Goldsmith said that the murderers broke through the electrical fence that surrounds Itamar. Although the fence is monitored by video camera, the attackers chose a blind spot in the camera’s vision, he said, concluding that they were planning the operation and studying the community, possibly “for months.”

The fence is also wired to detect motion. When it senses something, the town’s security force “sends a Jeep,” Goldsmith said. In this instance, the town’s security force did detect motion and security guards did arrive. But they did not see anyone and assumed the disturbance was due to wild animals that live in the area.

Goldsmith stressed the attackers’ stealth and calculation.

“The terrorists locked the door on the inside and began to massacre the family,” he said. He described the widely reported details of the assaults. Afterward, Goldsmith said, “they ran out a window. They didn’t notice the [other] children [who were] sleeping, or they would have killed them, too.”

Goldsmith explained that he is on the “response team,” a security force in Itamar. Members have special radios they use to alert one another to any disturbance.

“I took my rifle and vest and told my wife Leah to lock the door,” he said. “I walk into the house and I don’t want to look,” he said with a sigh.

He did not share graphic details.

After seeing the devastation, he said, “we ran from house to house to make sure everyone is OK.” Since then, he added, “it’s been one long day … even here in America now.”

He stressed his belief that Itamar is on the “front lines” of fighting to protect the Jewish state.

“People say ‘the settlers,’” he said, seeming to imply that that is used as a derisive term. “But we are here for all of you. Because Israel is there for all Jews around the world.”

He also said that Itamar has sustained a disproportionate number of casualties in attacks on Israelis.

“In the last decade, 22 people of Itamar were murdered for the land of Israel,” he said.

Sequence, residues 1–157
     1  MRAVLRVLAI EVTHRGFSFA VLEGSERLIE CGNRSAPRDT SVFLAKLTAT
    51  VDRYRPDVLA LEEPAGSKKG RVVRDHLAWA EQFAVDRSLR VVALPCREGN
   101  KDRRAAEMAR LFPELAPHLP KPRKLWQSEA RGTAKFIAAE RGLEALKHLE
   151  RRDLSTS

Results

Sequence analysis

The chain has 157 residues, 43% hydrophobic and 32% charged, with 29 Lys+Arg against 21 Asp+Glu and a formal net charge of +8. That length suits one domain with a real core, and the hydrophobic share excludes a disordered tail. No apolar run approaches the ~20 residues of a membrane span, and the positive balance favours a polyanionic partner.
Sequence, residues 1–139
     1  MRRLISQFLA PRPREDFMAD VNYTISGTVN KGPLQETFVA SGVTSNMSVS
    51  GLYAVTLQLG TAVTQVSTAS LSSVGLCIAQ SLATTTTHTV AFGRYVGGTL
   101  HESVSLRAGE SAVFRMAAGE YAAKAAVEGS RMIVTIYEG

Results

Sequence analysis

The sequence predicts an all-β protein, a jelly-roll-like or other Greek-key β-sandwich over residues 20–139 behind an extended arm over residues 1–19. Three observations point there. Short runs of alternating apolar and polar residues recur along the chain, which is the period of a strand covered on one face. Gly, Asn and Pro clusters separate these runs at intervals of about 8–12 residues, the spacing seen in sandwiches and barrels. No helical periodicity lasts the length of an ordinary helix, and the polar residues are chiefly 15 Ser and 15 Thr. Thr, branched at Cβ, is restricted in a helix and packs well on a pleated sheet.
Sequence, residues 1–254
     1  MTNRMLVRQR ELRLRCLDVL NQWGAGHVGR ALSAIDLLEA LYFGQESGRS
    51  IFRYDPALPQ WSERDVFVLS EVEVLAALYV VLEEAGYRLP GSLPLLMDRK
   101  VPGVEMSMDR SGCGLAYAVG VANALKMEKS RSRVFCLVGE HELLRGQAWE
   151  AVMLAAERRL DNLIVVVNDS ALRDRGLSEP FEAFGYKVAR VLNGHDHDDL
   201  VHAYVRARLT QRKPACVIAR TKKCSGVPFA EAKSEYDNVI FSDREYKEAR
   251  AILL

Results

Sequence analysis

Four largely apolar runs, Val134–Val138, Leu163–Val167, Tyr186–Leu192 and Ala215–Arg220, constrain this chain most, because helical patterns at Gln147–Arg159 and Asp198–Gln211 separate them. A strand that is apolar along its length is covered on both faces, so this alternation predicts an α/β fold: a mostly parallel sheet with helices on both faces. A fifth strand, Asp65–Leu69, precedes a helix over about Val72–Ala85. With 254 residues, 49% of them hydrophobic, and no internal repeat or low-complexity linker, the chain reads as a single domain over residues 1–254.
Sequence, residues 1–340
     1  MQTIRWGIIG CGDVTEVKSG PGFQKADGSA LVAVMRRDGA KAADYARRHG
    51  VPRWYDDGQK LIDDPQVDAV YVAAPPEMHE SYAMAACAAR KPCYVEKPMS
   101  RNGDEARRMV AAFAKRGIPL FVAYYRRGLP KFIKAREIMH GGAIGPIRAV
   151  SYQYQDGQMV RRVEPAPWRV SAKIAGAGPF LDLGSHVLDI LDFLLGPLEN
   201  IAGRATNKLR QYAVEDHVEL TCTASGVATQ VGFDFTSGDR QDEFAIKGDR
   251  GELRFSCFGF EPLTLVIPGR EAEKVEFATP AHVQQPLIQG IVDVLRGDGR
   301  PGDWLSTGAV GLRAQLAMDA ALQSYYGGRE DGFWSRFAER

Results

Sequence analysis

One child asked, “Why did [the killers] go to one house and then just leave and not go on to other houses?”

Goldsmith speculated, “They wanted to do this savagely and quickly. If they had made noise, they would not have gotten away.”

Several boys asked questions about the identities of the perpetrators and whether and how they will be caught.

Goldsmith responded, “God willing, Israel has a very strong army and we’ll catch them.”

This reporter asked if this view of the settlers articulated by Goldsmith — as being on the front lines and protecting other Israelis and Jews worldwide — is part of the belief system that enables Itamar’s residents to live in such a dangerous place.

Goldsmith replied, “No doubt in the world now, there is a struggle between good and evil. The same forces that destroyed the Twin Towers are threatening democracy throughout the world. Unfortunately, this evil is against people who want to live in peace. The people of Itamar represent the Jewish people around the world. We have to drive in bulletproof buses.… We are the ones being targeted on the front lines.”

Leah Goldsmith added, “The media depict where we live as some faraway Oz.… Yes, we are on the front lines, but if you look at a map of Israel, we are actually in the center.”

She later told this reporter, “I am proud to be a settler and to use the term,” adding that in her view, the halutzim — pioneers who created small Jewish communities throughout Israel in the years before 1948 — were in a sense “settlers.”

In a one-on-one interview, Moshe Goldsmith told this reporter, “The deed to the land of Israel is the Bible. When push comes to shove, if we are true believers we have to accept the word of the Creator.”

Asked if there is any truth to the claim that some settlers have antagonized Palestinians, Goldsmith replied, “What happens is [that critics of Israel] take sporadic incidents. The fact that they can name them shows how few they are. Arab terrorists who attack Jews are numerous. You can’t compare the numbers.”

He said that when people feel they are under siege, they may act wrongly. But, he stressed, “even people [in the settler community] who become enraged, they don’t murder.”

He added, “We have no problem with people who want to live in peace. We have a problem with people who sanctify death.”

He said that in his view, in the big picture, “We are the ones being abused. We have given blood for peace and Iran, Hezbollah, and [other extremists in the Arab world] continue [to threaten]…. You have to be blind not to see the truth.”

After the event, several students shared their thoughts about the attack on the Fogel family.

“The first time I heard I was in class learning Torah, when the rabbi showed us a video of CNN,” said Jeremy David, 14. “I was shocked. How could I not know this? Who could kill a 3-month-old baby? I felt a mix of shock, fear, and guilt for not knowing.”

“About the Fogel family, it was sad and uncalled for what happened,” said Jason Goldberg, 14.

“It was unfair; they were innocent people,” said Dan Poleyeff, 14.

“Those terrorists are cowards because they went after kids,” added Benny Weisbrot, 13.